Photo courtesy of Yannis.

Photo courtesy of Yannis.

Oh, how I love the sound The Sunday New York Times makes. That promising thunk as it hits the door early in the morning. This week’s edition features a thought provoking essay by Frank Bruni on a book by Sam Harris. The book in question, Waking Up, is due out next month. In it, Harris poses the question, “Do we need religion to experience spiritual transcendence?” He posits the not unreasonable argument that perhaps spiritual feelings are part of the human condition and religions merely piggy-back on what already exists. The various religions simply provide it with a narrative framework. Hey, wouldn’t it be nice if there were no religion (e.g. no religious wars/dogma/garb/superstitions…)? Fat chance. But I digress.

Our human need to cultivate spiritual experiences is one way we temporarily escape gravity, the weight of quotidian life that both comforts and constricts us. Whether through prayer, mantra, meditation, nature, creative work, art, books, music, gardening, exercise, spa days or shopping expeditions, Neflix, or playing fetch with the dog, we all long to lighten-up and be part of something bigger than ourselves.

Another form of religion is money. Many of us dream of a sudden windfall. Some of us dream of fine jewels, others of luxury cars, the more altruistic think of charities. Whatever path our fantasies take, they all lead to a similar feeling: Taking us away from the daily grind.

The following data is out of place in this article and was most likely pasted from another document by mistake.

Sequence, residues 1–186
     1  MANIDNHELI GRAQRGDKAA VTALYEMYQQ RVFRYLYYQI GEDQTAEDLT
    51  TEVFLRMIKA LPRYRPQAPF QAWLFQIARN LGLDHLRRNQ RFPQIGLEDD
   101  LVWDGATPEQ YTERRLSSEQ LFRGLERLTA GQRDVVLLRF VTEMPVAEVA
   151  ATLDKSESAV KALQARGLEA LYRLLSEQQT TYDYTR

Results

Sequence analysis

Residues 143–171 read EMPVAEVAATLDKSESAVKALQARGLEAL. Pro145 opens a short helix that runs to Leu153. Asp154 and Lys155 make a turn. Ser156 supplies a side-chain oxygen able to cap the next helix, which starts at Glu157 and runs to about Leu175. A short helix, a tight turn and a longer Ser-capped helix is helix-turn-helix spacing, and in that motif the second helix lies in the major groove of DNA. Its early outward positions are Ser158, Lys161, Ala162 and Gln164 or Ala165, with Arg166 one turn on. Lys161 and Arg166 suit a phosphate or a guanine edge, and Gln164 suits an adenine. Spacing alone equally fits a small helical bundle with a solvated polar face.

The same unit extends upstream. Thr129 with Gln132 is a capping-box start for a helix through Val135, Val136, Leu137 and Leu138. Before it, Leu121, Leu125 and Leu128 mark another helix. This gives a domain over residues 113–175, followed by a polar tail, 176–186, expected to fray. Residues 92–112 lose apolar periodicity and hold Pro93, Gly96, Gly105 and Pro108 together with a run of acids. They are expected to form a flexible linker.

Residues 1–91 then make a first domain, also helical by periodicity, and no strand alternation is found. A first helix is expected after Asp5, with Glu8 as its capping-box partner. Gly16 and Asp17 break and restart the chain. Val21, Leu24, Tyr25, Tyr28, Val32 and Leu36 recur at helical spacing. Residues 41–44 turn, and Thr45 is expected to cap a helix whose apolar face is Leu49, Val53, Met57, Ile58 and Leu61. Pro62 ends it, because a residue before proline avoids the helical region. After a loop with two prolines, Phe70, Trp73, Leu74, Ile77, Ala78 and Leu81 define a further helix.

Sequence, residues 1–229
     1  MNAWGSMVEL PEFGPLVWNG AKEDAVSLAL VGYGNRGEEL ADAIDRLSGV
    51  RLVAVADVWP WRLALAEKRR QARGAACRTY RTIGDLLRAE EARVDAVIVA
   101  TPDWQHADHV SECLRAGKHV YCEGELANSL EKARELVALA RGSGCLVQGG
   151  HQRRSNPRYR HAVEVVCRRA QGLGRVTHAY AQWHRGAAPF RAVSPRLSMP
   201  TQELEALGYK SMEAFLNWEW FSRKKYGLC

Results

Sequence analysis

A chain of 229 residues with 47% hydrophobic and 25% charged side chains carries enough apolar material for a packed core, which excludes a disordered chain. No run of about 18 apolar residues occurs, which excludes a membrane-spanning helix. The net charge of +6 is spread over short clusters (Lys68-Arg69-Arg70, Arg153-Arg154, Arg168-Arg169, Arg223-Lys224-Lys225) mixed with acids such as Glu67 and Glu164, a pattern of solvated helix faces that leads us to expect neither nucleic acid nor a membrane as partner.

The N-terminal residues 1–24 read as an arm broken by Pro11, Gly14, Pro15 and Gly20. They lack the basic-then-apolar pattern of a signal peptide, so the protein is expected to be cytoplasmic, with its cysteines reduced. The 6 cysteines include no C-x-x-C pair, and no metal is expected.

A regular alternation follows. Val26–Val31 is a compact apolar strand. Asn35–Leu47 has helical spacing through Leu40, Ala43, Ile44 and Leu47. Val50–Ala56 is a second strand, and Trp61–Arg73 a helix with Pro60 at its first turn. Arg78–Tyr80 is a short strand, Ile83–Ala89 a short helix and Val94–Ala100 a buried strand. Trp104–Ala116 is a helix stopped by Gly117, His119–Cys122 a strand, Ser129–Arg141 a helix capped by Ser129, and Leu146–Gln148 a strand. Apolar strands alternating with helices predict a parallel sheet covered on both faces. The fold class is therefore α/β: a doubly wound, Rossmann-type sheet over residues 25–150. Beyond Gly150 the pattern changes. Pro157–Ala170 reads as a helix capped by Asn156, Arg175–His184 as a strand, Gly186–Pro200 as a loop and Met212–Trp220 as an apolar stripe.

Money is one escape route, though it’s not the only, nor the best one. But in purely literal terms, it’s an anti-gravity whiz. With it, we can literally fly to exotic locales at a moment’s notice, or lift any body part unkindly treated by gravity’s work. It unyokes, freeing us to pursue studies, hobbies, retreats, and other heartfelt desires. And, anyone who stands in the way of our dreams can just piss off.

But maybe this craving for money, for the ‘magic number’ that will set us free is really a spiritual craving in disguise? The quest isn’t for money, it’s for transcendence.

Recent trends like the ‘renting economy‘ whereby more and more people are taking a pass on owning things, and, instead, are using social media to pay-as-they-go, is another indicator that people want to lighten-up.

Owning is gravity-making. Renting is anti-gravity. This trend is especially strong among the Millennials, perhaps as a reaction to the materialism of the Boomer generation.

Who knows, maybe lightening up will turn out to be a reliable path toward enlightenment? No need for a horsehair shirt, that’s so 15th century, just rent a Versace gown and Prada clutch as needed. Then money, as darling as it is, will not be the end, but only the means.


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